The rule is concentrate, no yibber yabber chatter. Not even when the coach asks you a question. That is his trick to get a response before he tells you to drop and give him 30 press ups, sit ups or other payback.

I counted eight times in the course of that hour.

In all the coaching team reckoned we did between 500 and 700 crunches on the night on top of the bag work. It wasn’t tiring. It was exhausting.

My top was soaked in sweat, wringing wet. My limbs ached. Every iota of energy was sapped from my body. But at the same time, I’ve never felt better. This was fitness training but at its most honest.

But while Iain and I were, literally, on our knees and knackered, some of the guys just kept right on going – weights, pull-ups, medicine balls. Impressive doesn’t even go close to doing them justice.

What Iain and I did get to do was some sparring with each other, in the ring, under Terry’s watchful gaze. I was glad to face the tall chap, when I first showed up I thought we were for a whipping from the real deal.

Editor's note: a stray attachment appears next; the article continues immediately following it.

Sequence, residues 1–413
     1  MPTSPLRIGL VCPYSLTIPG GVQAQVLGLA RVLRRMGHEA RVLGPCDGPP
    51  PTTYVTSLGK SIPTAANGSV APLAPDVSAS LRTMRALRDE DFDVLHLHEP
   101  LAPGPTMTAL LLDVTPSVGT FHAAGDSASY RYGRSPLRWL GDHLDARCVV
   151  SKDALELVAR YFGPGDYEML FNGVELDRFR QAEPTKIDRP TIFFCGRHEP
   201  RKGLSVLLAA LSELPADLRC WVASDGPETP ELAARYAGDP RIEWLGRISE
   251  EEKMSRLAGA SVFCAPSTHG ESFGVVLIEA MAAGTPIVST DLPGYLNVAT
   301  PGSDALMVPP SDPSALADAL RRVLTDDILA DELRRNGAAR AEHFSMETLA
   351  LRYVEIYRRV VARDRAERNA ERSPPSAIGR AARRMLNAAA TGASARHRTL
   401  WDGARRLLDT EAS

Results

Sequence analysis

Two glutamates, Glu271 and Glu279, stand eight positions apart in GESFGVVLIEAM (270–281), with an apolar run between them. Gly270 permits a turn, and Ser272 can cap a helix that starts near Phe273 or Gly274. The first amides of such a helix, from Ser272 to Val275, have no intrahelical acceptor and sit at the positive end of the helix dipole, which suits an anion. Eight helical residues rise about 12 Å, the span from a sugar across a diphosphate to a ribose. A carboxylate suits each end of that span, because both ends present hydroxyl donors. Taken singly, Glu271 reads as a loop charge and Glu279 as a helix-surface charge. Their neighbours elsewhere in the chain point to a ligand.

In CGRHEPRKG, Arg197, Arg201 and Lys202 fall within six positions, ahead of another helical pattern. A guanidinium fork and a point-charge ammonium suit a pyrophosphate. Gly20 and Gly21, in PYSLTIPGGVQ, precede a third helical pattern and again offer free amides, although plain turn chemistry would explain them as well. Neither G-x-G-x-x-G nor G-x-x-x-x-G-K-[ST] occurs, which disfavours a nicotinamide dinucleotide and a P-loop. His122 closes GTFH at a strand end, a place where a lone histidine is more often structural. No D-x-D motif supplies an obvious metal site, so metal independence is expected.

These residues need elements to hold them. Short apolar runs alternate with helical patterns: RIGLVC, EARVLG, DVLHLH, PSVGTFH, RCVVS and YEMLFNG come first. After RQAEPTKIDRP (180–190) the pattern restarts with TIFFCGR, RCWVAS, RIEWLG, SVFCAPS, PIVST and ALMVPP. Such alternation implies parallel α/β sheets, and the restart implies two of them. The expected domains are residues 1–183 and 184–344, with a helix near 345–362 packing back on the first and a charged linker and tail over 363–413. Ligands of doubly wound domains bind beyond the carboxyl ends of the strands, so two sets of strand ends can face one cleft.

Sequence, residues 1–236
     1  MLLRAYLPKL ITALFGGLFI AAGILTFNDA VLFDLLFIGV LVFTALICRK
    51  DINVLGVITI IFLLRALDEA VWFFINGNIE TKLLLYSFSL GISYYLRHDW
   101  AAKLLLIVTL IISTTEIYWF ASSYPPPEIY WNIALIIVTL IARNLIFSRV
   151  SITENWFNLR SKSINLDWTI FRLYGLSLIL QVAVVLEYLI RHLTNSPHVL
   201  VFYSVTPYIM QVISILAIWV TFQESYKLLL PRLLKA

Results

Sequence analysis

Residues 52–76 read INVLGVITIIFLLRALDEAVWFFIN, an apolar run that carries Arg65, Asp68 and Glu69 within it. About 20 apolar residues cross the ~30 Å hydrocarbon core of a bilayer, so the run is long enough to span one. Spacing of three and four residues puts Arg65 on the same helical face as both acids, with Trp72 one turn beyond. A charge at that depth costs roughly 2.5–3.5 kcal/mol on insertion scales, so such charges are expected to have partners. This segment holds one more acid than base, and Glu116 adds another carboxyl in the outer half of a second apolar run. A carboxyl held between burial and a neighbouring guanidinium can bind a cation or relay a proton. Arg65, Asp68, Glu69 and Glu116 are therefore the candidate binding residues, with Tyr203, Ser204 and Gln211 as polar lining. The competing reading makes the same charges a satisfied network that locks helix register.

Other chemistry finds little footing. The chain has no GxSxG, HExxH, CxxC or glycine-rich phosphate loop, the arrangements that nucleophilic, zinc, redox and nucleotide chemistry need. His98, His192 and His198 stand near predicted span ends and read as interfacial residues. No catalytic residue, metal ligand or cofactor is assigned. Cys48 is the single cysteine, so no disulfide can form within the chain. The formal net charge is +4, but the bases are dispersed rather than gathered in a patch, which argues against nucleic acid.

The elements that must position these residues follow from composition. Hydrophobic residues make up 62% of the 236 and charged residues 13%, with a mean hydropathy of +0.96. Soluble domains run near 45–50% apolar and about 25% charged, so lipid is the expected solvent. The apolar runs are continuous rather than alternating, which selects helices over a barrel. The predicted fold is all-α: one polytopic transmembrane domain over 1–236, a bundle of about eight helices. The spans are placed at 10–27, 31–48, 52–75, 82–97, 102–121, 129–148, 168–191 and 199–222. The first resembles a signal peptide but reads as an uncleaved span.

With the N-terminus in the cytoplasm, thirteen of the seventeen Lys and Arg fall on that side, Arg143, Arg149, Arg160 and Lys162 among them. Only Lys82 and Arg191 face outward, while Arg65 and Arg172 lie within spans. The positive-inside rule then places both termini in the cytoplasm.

I’ve been the member of five different gymnasiums in 10 years. None were as good, as intense nor as fun.

More than that, it felt like an old friend. I’d been there less barely two hours, but the welcome and camaraderie made it feel like two years.

Terry told us later about the range of people who come in, what they take from it, how it can change their lives. The video coming from Clare, who showed a deft pair of hands herself, later will be far more eloquent than I telling that story.

Iain seemed to appreciate the toil. He seemed to enjoy himself hugely, as did I. Clare, as an observer, looked like she couldn’t wait to join in too, transfixed by the purpose and dedication of those around.

And despite my initial fears, there was no broken noses, black eyes nor burst and bloody lips at the end of it.

No, the only thing I’ve been left nursing is a quite unexpected and inexplicable desire to go back and do it all again.

I don’t know why, but I felt happy there. Comfortable.

And if I’ve still more than two and a half stone left to lose, then simply put, I want these guys in my corner.

Categories: by Shaun Milne, Features